Multifamily construction surge fuels increase in total April housing starts

Single-family starts essentially flat; permitting suggests slowing ahead

Overall housing starts increased by 5.7% month over month to a rate of 1.36 million units in April, boosted by a surge in multifamily building, according to the U.S. Census and the Department of Housing and Urban Development.

Starts for properties with five or more units raced to a 322,000-unit pace in April, up 31.4% to comprise the entirety of April’s gain in total starts. Despite the April upswell, however, multifamily building, which is highly volatile and prone to large swings in pace month over month, remains on a downward trend.

Meanwhile, single-family starts, which make up the vast majority of residential building, were essentially flat, ebbing to a rate of to 1.03 million units from 1.04 million units in March. The minute drop was the second straight decrease on a month-to-month basis. Single-family starts are still up by 25.7% year-to-date, thanks to a strong activity to open the year.

Year over year, total residential starts were virtually unchanged, down 0.6% from April 2023.

A pick-up in mortgage rates, which exceeded 7% by the end of April, has held back starts, sidelined many buyers and thawed homebuilders’ confidence in the market. The National Association of Home Builders (NAHB)/Wells Fargo Housing Market Index (HMI), which tracks builder sentiment, logged its first drop in May since November 2023, falling to a reading of 45; index readings over 50 indicate that more builders see current conditions as good rather than poor.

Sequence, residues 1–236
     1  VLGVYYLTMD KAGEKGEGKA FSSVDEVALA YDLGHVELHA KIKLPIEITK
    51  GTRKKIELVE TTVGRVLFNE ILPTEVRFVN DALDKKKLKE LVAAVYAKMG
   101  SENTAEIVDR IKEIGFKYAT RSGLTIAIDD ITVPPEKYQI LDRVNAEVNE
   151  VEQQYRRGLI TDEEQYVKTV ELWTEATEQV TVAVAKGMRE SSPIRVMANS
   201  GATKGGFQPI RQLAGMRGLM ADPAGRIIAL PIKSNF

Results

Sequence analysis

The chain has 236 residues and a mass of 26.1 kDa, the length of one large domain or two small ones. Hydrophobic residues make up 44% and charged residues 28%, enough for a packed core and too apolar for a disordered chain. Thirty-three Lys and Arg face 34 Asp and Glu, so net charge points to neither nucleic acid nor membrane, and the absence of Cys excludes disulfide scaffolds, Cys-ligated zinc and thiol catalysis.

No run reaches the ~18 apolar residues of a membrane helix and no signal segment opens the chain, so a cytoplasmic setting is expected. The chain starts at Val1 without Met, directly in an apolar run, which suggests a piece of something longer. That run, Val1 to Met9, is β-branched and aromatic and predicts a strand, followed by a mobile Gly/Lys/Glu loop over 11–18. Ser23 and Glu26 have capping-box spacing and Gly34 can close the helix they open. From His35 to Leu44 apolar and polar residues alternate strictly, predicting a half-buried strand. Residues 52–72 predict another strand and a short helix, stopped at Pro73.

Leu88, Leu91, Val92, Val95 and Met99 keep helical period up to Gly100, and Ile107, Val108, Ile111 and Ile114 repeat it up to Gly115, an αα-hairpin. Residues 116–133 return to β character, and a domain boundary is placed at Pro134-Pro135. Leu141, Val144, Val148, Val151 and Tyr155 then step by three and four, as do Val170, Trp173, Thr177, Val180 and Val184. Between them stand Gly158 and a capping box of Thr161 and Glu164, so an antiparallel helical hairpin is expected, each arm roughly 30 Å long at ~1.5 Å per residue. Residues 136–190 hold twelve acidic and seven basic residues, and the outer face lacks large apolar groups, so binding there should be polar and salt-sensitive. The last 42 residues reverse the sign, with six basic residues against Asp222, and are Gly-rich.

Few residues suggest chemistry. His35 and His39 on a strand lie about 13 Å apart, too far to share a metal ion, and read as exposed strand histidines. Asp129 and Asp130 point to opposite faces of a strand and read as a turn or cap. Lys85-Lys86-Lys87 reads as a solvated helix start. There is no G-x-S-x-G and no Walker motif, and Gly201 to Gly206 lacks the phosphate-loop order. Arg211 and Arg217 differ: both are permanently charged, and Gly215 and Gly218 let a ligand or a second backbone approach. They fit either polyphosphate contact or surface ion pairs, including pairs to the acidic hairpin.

“While the start of the year has seen an expansion for single-family home building because of a lack of existing home inventory, home building activity leveled off in April as higher interest rates, tighter lending conditions and lower home building sentiment acted as headwinds on new home construction,” said NAHB Chairman Carl Harris. “Lower interest rates, particularly for builder and developer loans, will help builders to increase the pace of home construction in the months ahead.”

Permitting slipped, too, ending April at an annualized rate of 1.44 units, down 3.0% from March and 2.0% from April last year. Single-family permits saw a rate of 976,000 in April, down 0.8% from March. The pullback is slight, but it’s the third straight decrease in single-family authorizations, foreshadowing a slowing in single-family construction in the months ahead.


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